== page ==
Magazine
Latest Issue

Mini interview

Jakaya Kikwete, president of Tanzania

By Jonathan Power   January 2007

Over the next two years, the African leaders we know about—Olusegun Obasanjo of Nigeria and Thabo Mbeki of South Africa—will retire. Many of the big names of the last few decades are dead—Nyerere, Kenyatta, Nkrumah. Yet this continent without “names” is doing better than we realise. Sub-Saharan Africa’s average growth rate will be 6 per cent next year. Much of Africa is pulling itself together.

Nowhere is this more true than Tanzania, the ex-German/British colony that got more than its share of attention under the rule of Julius Nyerere—Africa’s headmaster, who knitted the country’s tribes together but sent Tanzania’s economy…

Register today to continue reading

You’ve hit your limit of three articles in the last 30 days. To get seven more, simply enter your email address below.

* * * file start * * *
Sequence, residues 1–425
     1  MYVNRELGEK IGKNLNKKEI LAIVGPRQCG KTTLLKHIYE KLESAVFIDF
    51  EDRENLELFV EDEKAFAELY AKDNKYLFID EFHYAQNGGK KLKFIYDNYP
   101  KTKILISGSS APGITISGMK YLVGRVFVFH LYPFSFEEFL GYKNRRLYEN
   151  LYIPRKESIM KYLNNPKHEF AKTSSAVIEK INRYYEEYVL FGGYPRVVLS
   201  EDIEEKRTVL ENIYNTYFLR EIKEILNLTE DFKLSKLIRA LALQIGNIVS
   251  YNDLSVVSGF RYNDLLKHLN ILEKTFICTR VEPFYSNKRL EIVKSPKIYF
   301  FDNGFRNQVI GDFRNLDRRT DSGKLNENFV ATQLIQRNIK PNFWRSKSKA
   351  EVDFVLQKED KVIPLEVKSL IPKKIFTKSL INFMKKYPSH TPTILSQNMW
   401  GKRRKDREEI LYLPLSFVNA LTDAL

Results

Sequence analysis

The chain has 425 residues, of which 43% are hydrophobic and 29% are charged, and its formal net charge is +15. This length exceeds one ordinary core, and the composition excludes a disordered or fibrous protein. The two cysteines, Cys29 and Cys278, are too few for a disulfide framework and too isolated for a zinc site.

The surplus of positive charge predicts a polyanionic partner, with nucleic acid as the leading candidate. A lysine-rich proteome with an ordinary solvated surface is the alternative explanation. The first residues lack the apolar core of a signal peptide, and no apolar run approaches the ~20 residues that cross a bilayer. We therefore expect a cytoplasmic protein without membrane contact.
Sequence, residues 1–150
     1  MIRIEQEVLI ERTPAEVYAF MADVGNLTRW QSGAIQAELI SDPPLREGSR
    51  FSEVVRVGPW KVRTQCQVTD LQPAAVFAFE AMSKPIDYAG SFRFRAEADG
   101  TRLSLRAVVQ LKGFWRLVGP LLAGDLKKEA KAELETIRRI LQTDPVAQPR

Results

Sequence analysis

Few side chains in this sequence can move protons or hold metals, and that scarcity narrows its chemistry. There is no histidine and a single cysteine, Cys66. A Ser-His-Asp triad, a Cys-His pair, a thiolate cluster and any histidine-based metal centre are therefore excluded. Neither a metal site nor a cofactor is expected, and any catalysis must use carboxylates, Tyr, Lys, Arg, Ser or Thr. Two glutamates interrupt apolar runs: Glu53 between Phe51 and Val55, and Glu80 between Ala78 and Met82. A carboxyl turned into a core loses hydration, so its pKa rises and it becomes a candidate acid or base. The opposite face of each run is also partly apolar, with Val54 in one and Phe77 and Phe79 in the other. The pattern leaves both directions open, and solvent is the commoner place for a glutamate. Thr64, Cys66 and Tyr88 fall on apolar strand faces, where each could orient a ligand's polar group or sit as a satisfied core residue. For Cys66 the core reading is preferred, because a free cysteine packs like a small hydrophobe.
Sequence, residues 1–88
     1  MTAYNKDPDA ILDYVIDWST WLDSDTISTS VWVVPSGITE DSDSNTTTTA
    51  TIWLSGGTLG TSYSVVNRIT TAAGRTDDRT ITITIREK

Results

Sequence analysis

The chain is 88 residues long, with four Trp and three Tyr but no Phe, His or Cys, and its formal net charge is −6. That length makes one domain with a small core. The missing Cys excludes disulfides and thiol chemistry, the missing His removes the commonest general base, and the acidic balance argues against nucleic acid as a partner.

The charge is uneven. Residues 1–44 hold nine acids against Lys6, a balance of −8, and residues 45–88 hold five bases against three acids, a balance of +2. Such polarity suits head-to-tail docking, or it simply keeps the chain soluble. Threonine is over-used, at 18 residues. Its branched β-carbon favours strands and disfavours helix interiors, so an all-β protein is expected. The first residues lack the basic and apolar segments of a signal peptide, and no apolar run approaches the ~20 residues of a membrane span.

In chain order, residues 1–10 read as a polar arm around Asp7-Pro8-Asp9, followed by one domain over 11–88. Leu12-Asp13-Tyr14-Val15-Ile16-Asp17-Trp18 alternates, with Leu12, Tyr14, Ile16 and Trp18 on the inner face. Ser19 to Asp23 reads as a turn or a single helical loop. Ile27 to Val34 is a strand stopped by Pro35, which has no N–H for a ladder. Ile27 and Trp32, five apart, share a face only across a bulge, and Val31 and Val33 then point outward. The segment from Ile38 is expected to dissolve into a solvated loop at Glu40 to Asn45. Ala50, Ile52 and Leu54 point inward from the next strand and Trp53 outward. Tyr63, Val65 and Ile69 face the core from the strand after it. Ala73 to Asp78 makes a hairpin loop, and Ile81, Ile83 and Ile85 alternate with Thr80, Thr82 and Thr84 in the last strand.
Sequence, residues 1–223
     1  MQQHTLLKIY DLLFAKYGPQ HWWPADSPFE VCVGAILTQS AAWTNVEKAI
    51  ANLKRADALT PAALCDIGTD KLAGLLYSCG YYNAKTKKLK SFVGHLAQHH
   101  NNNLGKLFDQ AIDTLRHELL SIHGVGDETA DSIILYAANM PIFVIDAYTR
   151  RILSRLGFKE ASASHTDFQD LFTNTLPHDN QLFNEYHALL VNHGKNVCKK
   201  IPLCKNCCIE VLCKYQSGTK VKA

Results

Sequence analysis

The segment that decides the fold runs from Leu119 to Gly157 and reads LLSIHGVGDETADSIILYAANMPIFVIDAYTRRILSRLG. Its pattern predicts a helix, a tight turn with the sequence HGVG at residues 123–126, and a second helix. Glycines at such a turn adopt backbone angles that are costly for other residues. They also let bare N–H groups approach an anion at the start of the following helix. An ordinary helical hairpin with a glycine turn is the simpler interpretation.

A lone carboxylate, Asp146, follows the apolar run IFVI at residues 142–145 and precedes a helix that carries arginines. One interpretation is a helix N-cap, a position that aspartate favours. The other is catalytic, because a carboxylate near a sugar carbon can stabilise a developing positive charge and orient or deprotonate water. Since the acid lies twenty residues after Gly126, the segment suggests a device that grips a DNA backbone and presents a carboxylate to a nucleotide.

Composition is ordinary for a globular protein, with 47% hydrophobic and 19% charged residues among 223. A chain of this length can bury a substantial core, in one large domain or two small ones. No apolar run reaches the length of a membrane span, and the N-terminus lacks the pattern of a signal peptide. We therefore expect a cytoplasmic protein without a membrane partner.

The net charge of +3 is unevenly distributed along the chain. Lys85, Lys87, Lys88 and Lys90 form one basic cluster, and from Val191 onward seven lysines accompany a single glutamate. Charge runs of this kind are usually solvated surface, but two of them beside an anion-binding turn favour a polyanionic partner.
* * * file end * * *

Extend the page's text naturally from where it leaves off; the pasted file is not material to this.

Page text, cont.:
You’ll also receive our free e-book Prospect’s Top Thinkers 2020 and our newsletter with the best new writing on politics, economics, literature and the arts.

Prospect may process your personal information for our legitimate business purposes, to provide you with newsletters, subscription offers and other relevant information.

Click here to learn more about these purposes and how we use your data. You will be able to opt-out of further contact on the next page and in all our communications.

This site is protected by reCAPTCHA and the Google Privacy Policy and Terms of Service apply.

We want to hear what you think about this article. Submit a letter to letters@prospect-magazine.co.uk

More From Prospect